Review: Google Nexus 4
At last, we got one
Fast runner, hot runner
I am guessing that adding a Micro SD card slot and/or more storage would have started to tread on the toes of Google’s hardware partners and Google is of course keen to promote the cloud as an alternative to on-board storage. Either way, if you want more than 16GB of local storage, you’ll have to buy a different device.
The second major Nexus 4 drawback is battery life. With considerate use the 2100mAh fixed battery will get you through a ten-hour working day but absolutely no longer. Spend an hour gaming or watching a video and you’ll be charging the handset far more frequently. This is the downside of having a powerful quad-core processor and big screen and it’s not really good enough.
On the subject of gaming, after I spent 45 minutes playing NOVA 3, the back of the Nexus 4 got surprisingly hot, much hotter than a One X or Galaxy S III given the same work out. Something else to bear in mind if you use your smartphone for this kind of entertainment.
Incidentally, the Nexus 4 supports inductive wireless charging and eventually you will be able to buy a charger-cum-stand which looks a lot like the old Palm TouchStone charger. The TouchStone was such a clever idea I’m surprised it’s taken this long for someone to copy... er... reimagine it.
At the moment the Nexus 4 doesn’t officially support 4G/LTE, though the hardware is there. However, until the numerous power drain, data cap and cost issues are resolved that’s no big loss in my book. The very latest incarnation of 3G, 42Mb/s DC-HSPA+, is supported provided your network can handle it too. Here in the UK, Three, for one, is rolling this out.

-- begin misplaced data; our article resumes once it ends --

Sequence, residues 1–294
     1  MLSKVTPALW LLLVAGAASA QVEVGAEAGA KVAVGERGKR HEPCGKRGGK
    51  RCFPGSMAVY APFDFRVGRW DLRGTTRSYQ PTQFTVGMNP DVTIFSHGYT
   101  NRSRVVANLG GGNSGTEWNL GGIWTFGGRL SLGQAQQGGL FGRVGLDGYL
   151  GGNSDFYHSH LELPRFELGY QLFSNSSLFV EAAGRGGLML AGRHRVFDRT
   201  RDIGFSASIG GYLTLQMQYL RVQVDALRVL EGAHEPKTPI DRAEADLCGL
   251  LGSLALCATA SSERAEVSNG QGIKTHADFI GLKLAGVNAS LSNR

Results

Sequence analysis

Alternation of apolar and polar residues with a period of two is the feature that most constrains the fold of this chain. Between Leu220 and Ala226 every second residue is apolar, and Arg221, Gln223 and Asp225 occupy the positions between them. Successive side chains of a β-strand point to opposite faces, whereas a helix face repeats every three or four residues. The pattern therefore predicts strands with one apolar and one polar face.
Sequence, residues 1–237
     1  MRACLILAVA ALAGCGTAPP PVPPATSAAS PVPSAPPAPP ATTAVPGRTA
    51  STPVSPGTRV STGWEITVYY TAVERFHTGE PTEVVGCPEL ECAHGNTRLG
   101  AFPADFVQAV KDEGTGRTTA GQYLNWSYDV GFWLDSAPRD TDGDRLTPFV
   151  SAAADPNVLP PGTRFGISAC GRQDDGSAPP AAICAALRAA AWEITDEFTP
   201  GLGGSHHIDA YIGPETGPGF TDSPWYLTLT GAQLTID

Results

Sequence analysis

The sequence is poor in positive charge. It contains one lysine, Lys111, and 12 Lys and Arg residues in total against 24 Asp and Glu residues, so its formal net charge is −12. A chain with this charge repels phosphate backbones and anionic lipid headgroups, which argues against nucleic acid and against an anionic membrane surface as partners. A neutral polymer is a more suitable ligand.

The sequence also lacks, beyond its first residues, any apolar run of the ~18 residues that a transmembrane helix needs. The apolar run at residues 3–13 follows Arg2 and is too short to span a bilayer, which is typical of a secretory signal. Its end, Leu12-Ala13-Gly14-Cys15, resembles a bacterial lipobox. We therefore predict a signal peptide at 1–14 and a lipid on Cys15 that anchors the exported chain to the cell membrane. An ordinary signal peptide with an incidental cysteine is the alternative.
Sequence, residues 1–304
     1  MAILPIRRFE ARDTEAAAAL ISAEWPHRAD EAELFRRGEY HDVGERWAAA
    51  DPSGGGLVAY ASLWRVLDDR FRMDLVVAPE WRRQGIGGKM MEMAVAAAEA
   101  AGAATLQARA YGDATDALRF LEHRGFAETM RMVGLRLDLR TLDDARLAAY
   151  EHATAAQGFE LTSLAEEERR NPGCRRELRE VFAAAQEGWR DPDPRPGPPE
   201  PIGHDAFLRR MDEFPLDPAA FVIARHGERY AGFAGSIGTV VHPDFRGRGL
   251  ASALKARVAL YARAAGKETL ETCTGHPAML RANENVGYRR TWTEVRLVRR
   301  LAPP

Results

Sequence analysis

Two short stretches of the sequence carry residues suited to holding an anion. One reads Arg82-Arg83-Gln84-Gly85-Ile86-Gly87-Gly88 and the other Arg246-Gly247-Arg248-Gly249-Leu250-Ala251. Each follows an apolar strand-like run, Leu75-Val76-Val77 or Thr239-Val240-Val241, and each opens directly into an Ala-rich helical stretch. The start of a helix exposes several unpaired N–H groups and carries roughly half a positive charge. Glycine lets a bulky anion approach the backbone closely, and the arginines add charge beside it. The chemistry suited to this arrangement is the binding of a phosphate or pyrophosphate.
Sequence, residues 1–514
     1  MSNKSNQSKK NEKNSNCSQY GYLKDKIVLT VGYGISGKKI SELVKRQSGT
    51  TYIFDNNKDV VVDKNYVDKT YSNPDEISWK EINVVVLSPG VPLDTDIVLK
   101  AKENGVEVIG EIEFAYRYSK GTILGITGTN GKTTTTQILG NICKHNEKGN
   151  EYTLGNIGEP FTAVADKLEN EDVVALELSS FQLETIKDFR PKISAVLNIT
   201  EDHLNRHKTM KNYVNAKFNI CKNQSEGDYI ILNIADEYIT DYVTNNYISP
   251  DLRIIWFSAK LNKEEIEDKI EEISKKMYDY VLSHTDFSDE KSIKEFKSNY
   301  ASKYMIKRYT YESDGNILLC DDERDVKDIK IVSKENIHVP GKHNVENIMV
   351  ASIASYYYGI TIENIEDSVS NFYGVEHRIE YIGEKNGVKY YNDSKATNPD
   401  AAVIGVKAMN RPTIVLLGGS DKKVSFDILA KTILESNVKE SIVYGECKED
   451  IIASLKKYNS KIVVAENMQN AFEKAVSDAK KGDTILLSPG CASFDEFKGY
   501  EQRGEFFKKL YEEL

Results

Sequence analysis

The Reg Verdict
Should you buy a Nexus 4, assuming you actually can? Today, little else comes close to the Nexus 4’s quality:price ratio, but the limited storage options, poor battery life, potential fragility and the fact you can’t actually buy the thing direct from Google at the time of writing - the Sold Out sign looks ominously permanent to me - may make you look elsewhere.
If you are after an unlocked, Sim-free handset then the Nexus 4 is a very attractive option. If, on the other hand, you are buying on contract, you’ll be able to find something better more cheaply - the Samsung Galaxy S III, for instance. Then again, the ‘pure’ Android UI on the Nexus 4, free of phone vendor and operator add-ons, may raise the Nexus 4’s appeal to you.
But don’t forget all the five-inch or bigger 1080p devices with 12Mp cameras and LTE trumpeted at this year’s Consumer Electronics Show (CES) in Las Vegas from the likes of Sony, Huawei and even budget device wallahs like Alcatel. Suddenly, 720p, 4.7-inch devices are looking just a bit ordinary. ®
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